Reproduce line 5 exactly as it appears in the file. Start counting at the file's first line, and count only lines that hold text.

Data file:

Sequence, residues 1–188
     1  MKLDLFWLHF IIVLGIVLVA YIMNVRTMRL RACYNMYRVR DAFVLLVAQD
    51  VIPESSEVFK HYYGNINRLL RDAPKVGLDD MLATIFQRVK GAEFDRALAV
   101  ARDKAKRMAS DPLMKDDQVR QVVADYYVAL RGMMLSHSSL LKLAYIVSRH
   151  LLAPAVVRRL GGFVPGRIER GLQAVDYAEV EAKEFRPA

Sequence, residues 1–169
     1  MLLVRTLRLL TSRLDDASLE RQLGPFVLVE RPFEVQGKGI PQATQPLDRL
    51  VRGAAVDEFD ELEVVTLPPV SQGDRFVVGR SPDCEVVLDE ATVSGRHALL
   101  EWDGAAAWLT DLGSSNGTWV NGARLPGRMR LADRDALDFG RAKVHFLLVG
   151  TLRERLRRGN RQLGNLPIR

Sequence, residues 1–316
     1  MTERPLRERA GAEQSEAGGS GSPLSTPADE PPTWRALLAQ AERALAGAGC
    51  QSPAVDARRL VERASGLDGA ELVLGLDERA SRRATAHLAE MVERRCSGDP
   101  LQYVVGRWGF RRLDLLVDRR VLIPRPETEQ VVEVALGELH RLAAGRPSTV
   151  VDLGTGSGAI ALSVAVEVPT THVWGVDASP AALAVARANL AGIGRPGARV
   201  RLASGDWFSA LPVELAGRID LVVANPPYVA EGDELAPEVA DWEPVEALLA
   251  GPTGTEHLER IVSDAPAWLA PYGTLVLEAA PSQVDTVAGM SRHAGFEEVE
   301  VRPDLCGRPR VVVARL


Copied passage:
   151  LLAPAVVRRL GGFVPGRIER GLQAVDYAEV EAKEFRPA